|The glory and riches of the Catholic Church, the gift of Almighty God to His human family.|
Joe writes: In the just ended ecclesia effort by the Church in South Africa to catechise its members, we witnessed the coming into fruition of a ‘not so new concept’, which teaches that we are Church. May be it would be good at this point to examine why the doctrines and dogmas and even liturgy cannot be changed.
The papal oath first taken by Pope Saint Agatho on June 27, 678 says:
[1st stanza] I vow to change nothing of the received Tradition, and nothing thereof I have found before me guarded by my God-pleasing predecessors, to encroach upon, to alter, or to permit any innovation therein;
[2nd stanza] To the contrary: with glowing affection as her truly faithful student and successor, to safeguard reverently the passed-on good, with my whole strength and utmost effort;
[4th stanza] I swear to God Almighty and the Saviour Jesus Christ that I will keep whatever has been revealed through Christ and His Successors and whatever the first councils and my predecessors have defined and declared.
This is a pretty strong declaration that compels the Holy Father to honour Sacred Tradition, to uphold and lead through his example that truly the Church’s soul and guide is the Holy Spirit, from that first Pentecost to our day.
The Baltimore Catechism defines Church as:
The Church is the congregation of all those who profess the faith of Christ, partake of the same Sacraments, and are governed by their lawful pastors under one visible head.
In question 120, the same catechism asks why Christ founded the Church and answers:
Christ founded the Church to teach, govern, sanctify, and save all men.
The Catechism of Pope St Pius X defines the Church as:
The Catholic Church is the Union or Congregation of all the baptized who, still living on earth, profess the same Faith and the same Law of Jesus Christ, participate in the same Sacraments, and obey their lawful Pastors, particularly the Roman Pontiff.
Pope Pius XII in his encyclical Mystici Corporis Christi (1943) expresses the faith of the Church in the statement:
… if we would define and describe this true Church of Jesus Christ– which is the One, Holy, Catholic, Apostolic, Roman Church– we shall find no expression more noble, more sublime, or more divine, than the phrase which calls it ‘the Mystical Body of Jesus Christ.
Even a passing look at these teachings and many others expresses a fundamental convergence at the union in faith upheld by believers in the Messiah Jesus Christ to which each of them is initiated through the waters of baptism and glued together by a common faith nourished by the Sacraments. Needless to say, such a ‘common faith’ cannot by necessity be reduced to the feelings and emotions of each individual believer. Feelings and emotions are of the physical senses and these are inconsistent, easily swayed and cannot be used to define doctrine. ‘What do we believe?’ or rather ‘What should be believed?’ Questions such as these gave rise to ‘doctrine and dogma’, because to enter a ‘communion of faith’ demands the pre-existence of decreed truth to which as a believer I must freely consent or else there is no communion in faith. For the Christian this assertion is rooted in the teaching of ‘The Christ’ (a real person) who died and rose from the dead. There are a number of curious statements in the teachings of Jesus Christ and writings of the gospels that requires our understanding to see how it is possible for the Church to have its decreed doctrines and I will list a few here:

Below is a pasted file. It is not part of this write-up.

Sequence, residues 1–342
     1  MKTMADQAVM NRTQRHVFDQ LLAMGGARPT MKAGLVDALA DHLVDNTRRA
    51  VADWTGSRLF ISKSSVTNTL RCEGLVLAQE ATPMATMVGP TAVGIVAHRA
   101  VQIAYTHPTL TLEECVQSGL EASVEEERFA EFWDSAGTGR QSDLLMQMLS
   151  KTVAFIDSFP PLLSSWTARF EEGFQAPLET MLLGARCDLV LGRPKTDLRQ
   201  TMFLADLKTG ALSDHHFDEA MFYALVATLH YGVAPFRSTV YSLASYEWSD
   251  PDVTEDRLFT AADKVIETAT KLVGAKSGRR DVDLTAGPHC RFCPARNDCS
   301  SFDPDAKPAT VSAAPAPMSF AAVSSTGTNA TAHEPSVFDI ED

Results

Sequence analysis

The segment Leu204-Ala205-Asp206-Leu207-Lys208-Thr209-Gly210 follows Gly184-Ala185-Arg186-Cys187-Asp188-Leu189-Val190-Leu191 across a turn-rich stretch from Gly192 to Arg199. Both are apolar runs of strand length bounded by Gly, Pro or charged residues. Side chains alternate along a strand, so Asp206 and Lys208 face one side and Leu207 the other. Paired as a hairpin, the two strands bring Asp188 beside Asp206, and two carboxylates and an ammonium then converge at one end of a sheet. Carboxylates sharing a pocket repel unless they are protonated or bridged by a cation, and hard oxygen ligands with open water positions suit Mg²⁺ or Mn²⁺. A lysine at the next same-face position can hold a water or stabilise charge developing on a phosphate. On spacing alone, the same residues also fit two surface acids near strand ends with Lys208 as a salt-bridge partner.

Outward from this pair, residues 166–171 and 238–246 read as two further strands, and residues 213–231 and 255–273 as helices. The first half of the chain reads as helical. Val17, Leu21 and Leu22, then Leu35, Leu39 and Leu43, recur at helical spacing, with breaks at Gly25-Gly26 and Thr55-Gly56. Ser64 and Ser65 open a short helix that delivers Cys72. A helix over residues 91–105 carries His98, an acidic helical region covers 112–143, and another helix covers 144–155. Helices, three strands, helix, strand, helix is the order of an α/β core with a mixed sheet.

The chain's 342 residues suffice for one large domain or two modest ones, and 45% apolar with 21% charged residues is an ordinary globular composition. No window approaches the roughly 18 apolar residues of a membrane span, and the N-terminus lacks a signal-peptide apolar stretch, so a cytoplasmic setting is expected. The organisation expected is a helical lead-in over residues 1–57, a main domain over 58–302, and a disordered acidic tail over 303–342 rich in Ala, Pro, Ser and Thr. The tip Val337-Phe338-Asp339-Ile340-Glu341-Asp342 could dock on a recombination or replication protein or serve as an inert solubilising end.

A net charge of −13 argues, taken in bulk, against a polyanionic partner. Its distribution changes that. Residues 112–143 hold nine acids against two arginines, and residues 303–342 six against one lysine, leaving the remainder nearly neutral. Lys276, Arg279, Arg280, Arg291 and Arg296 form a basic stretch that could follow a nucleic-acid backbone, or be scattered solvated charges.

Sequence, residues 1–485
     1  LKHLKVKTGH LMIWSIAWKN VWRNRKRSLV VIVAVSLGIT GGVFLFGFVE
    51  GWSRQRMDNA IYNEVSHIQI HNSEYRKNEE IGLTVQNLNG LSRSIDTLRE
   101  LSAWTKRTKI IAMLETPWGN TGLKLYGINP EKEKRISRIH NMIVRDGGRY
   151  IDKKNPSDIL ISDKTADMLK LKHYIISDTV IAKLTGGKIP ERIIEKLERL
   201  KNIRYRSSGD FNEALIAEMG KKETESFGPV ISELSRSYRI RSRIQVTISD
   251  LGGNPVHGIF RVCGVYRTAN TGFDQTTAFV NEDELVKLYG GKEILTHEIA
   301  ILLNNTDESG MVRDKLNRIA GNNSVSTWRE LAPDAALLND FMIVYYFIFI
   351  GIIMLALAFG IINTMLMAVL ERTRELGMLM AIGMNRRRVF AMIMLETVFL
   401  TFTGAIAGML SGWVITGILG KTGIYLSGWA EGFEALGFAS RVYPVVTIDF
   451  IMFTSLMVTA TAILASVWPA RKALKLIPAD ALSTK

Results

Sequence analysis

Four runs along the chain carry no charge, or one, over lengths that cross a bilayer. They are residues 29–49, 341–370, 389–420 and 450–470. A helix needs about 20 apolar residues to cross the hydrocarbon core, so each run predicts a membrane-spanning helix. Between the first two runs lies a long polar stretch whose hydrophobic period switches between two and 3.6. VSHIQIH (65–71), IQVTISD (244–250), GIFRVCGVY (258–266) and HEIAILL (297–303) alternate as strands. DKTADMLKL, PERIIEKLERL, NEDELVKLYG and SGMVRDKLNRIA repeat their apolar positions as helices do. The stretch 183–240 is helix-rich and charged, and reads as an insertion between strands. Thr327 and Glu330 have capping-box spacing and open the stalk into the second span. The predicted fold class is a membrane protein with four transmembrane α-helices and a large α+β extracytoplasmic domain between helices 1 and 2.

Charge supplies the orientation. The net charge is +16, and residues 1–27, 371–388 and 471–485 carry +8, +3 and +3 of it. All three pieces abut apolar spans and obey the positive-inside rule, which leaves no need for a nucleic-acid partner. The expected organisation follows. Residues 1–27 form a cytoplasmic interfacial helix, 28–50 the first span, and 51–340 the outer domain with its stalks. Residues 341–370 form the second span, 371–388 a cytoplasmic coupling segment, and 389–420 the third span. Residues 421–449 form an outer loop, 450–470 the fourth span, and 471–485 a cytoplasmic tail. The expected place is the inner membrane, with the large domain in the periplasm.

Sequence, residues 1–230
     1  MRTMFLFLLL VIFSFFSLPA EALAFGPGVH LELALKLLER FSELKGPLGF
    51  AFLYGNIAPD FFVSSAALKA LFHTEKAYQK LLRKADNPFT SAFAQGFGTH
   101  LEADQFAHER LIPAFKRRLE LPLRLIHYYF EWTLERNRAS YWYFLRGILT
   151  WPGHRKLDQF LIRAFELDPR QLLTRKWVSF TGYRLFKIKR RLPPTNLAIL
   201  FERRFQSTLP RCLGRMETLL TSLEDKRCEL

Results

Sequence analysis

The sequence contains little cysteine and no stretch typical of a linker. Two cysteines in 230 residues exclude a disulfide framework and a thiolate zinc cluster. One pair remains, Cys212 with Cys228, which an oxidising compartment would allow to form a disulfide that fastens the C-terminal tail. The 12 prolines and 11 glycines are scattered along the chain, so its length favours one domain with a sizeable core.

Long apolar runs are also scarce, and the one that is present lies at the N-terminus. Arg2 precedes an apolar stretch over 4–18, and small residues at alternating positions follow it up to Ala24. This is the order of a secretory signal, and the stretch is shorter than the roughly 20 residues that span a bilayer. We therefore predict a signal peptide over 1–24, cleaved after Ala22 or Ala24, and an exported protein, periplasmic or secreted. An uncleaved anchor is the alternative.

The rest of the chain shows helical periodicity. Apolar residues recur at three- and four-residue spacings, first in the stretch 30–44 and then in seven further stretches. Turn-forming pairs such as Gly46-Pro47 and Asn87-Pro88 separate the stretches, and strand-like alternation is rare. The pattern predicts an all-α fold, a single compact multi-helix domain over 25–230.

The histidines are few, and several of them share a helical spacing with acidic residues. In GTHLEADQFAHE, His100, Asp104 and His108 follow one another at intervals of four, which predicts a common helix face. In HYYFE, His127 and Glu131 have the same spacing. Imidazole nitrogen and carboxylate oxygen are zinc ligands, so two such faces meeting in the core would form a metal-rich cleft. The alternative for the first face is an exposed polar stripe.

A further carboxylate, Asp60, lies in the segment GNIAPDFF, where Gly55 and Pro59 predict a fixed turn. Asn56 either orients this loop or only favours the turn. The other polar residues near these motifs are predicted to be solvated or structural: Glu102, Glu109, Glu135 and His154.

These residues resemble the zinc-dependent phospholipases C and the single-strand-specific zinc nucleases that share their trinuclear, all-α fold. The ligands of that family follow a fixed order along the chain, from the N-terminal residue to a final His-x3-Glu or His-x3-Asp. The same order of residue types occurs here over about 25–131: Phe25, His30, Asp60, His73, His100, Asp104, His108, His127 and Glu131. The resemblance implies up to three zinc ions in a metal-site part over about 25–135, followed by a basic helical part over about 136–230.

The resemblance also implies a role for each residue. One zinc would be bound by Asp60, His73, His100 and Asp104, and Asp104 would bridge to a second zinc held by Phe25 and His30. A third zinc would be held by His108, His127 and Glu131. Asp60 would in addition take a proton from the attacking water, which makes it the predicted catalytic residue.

But the Paraclete, the Holy Ghost, whom the Father will send in my name, he will teach you all things and bring all things to your mind, whatsoever I shall have said to you.
And of judgment: because the prince of this world is already judged. I have yet many things to say to you: but you cannot bear them now. But when he, the Spirit of truth, has come, he will teach you all truth.
But there are also many other things which Jesus did which, if they were written every one, the world itself, I think, would not be able to contain the books that should be written.
In the Old Testament, the Israelites were guided by the law of the prophets, in the New Testament Christ says in Matthew 5: 17 “Do not think that I have come to abolish the Law or the Prophets; I have not come to abolish them but to fulfil them.” However, this law was not to remain on dead stone for the reverence of unthinking men but to be written by God on the hearts of the faithful. The New Testament thus brought the law of faith to those that walk by the Spirit of God, of whom St Paul refers to as the Temples of the Holy Spirit (1 Cor 6:19). Where the law was to keep people from what not to believe, thus in the New Testament, it is the doctrine of Jesus Christ that accomplishes that.
If we believe that Jesus Christ is God, then we must therefore believe that He is as He claimed “The Truth”. If we believe this then we should believe Him when He says, “If you love me, keep my commandments” (John 14:15). One of these commands was to ordain St Peter as the prince of the apostles (Matt 16:19) to whom we must listen, the symbol of our unity (Isaiah 22:22).
Thus looking at all this we must conclude therefore that the Church is the mystical Body of Christ, with Christ Himself as the Head and the Pope as the visible rock, the Vicar of Christ on earth. We must also conclude that the faith is guided by the doctrine of the Church that is inspired by the Holy Spirit from the first Pentecost right down to our day through the Pope. Thus, St Paul would say “…you ought to behave yourself in the house of God, which is the Church of the living God, the pillar and ground of the truth.”